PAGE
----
By Anthony A. Boright
Special to the Financial Independence Hub
In my last guest posting for the Financial Independence Hub I talked about the financial services industry going digital even though there are some growing pains.
I also mentioned the coming May 30 Point of Sale Stage 3 (POS3) regulatory deadline for pre-sale delivery of disclosure documents to mutual fund investors. On that day, dealers and advisors will have to send investors Fund Facts disclosure documents before the investor decides to buy a fund. Until May 30, dealers and advisors still will be able to abide by the previous industry regulation (i.e. POS Stage 2), which gave them two days to provide the Fund Facts document to their clients after the mutual fund purchase. Not so beginning May 30.
Stage 1 was four-pager in 2011
This is part of the industry satisfying the call by regulators to move ahead with POS (Point of Sale) delivery requirements for Fund Facts. Stage 1 of the POS regulation was introduced in 2011 with the creation of the short, four-page Fund Facts document that was in plain English and easily understood. It has since replaced the lengthy, jargon-filled legal prospectus document.
The introduction of Fund Facts at or prior to the Point of Sale means an electronic transaction will take place in most disclosure cases. After all, electronic is instantaneous. We first launched our Fund Facts delivery solution, www.investorpos.com, in 2011. Since then approximately 96% of these transactions have been electronic while only 4% have been going through our printed mail stream.
The document repository contains the universe of most recently filed Fund Facts documents from every mutual fund and ETF manager in Canada, so dealers and their advisors can access these disclosure documents from a single source. These new regulations will result in cost savings for the industry that can be passed on to investors. One of our bank clients requested and received a regulatory exception, and implemented our POS solution well in advance of the regulation date because they could see the cost advantage – both for them and their clients.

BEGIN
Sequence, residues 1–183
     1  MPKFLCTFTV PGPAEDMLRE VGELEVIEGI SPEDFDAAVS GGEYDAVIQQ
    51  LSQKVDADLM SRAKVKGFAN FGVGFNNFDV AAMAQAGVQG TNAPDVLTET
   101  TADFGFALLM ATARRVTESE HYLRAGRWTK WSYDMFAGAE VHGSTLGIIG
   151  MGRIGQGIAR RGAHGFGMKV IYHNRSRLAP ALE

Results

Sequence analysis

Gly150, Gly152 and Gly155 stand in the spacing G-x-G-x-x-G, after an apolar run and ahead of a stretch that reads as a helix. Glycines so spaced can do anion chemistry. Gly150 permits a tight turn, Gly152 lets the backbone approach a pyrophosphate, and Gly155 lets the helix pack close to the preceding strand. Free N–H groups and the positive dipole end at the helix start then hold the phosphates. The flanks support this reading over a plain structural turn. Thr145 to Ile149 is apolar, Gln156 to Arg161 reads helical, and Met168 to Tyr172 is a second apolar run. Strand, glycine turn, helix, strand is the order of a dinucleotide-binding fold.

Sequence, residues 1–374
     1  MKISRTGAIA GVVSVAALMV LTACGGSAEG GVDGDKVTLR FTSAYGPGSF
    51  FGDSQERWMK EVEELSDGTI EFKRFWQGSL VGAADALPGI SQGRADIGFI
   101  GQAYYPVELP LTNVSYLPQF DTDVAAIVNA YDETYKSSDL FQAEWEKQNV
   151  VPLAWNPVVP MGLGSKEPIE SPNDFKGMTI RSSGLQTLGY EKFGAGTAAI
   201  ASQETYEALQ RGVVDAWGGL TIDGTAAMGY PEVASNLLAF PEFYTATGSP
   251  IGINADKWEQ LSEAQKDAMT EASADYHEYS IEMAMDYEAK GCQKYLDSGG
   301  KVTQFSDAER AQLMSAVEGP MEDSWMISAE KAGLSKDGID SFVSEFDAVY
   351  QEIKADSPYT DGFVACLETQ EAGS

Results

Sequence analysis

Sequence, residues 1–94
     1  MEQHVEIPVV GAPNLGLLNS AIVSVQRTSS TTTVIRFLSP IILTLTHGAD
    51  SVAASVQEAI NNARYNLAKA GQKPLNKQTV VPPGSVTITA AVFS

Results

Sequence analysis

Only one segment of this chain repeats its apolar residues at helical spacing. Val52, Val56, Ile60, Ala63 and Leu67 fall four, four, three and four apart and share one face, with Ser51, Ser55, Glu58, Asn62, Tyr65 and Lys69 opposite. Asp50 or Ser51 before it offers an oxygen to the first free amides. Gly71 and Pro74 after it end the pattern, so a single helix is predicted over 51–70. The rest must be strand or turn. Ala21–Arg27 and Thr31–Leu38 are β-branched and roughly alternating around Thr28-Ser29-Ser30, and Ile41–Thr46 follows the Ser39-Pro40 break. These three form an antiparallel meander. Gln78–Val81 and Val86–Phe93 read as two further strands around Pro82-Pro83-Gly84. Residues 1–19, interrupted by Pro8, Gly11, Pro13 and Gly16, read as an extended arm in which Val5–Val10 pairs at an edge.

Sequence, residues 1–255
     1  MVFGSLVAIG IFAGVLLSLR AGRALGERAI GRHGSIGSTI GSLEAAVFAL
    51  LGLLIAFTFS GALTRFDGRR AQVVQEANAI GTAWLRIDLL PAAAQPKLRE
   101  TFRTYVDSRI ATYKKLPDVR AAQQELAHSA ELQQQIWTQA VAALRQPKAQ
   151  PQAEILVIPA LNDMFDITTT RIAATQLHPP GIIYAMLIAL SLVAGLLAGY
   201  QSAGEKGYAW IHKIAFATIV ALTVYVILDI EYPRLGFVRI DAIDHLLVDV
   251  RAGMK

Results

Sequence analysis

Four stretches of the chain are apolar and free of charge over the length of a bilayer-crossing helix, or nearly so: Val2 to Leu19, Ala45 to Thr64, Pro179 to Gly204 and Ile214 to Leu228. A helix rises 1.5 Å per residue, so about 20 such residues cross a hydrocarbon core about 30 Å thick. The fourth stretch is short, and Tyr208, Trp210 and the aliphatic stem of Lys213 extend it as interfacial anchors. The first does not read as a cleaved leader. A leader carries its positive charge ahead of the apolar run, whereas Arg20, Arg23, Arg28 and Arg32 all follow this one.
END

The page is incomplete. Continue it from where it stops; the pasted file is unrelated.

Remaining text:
CRM2 deadline is July 15
Another date to watch is the CRM (Client Relationship Model) 2 deadline of July 15. The idea behind CRM2 is to provide investors with clear information about the securities fees and commissions they are paying. The idea behind this is to make investment dealers, brokers and portfolio managers more accountable.
In a nutshell, CRM2 means all dealers must provide statements with detailed information about what fees are being charged to the client in actual dollar amounts. This will also include sales incentives and embedded fees. No longer will statements present fees as a simple percentage. Now customers will know exactly how much they are paying for the service, and also how those investments are performing.
There is definitely growing support around the world to eliminate embedded commissions from mutual funds; this has already happened in the United Kingdom and elsewhere. Likewise, there is no doubt that the move to greater disclosure, transparency and focus on the overall cost of investments will only increase in future. The financial crisis of 2008 was the catalyst behind this, and recent market softness has renewed the commitment of those who are intent on educating investors about their portfolios.
Some people may be in for a surprise when they learn they haven’t been paying 1% or 2% as they had thought, and may turn to low-cost discount brokers or ETFs. On the other hand, they may see the value, and feel more comfortable knowing exactly how and what their advisor makes, and in that sense this could improve the advisor-client relationship.
Industry will be more accountable to its customers
Either way, the purpose behind CRM2 and POS3 is to make the industry more accountable to its clientele, and to make that clientele more knowledgeable about their own investments. However, while CRM2 hangs on the July 15 deadline, investors’ statements may continue to appear just as they have for some time yet. Dealers will have up to one year from that date before they have to send investment performance and compensation reports. Thus, most people will likely not receive this data until the first quarter of next year.
The Canadian Securities Administrators (CSA) says these changes bring Canada in line with regulatory standards around the world. And having an easy-to-understand breakdown of fees with CRM2 only leads to a better informed and better educated investor.
Anthony Boright is President and co-founder of InvestorCOM (www.investorcom.com), which leverages technology to address the evolving regulatory disclosure and communications needs of the financial services industry. InvestorCOM helps its clients create and distribute their communications online, as well as through traditional print/mail channels. Clients include banks, asset managers, life insurance companies, large and small IIROC (Investment Industry Regulatory Organization of Canada), and MFDA (Mutual Fund Dealers Association of Canada) dealers and advisors serving investors.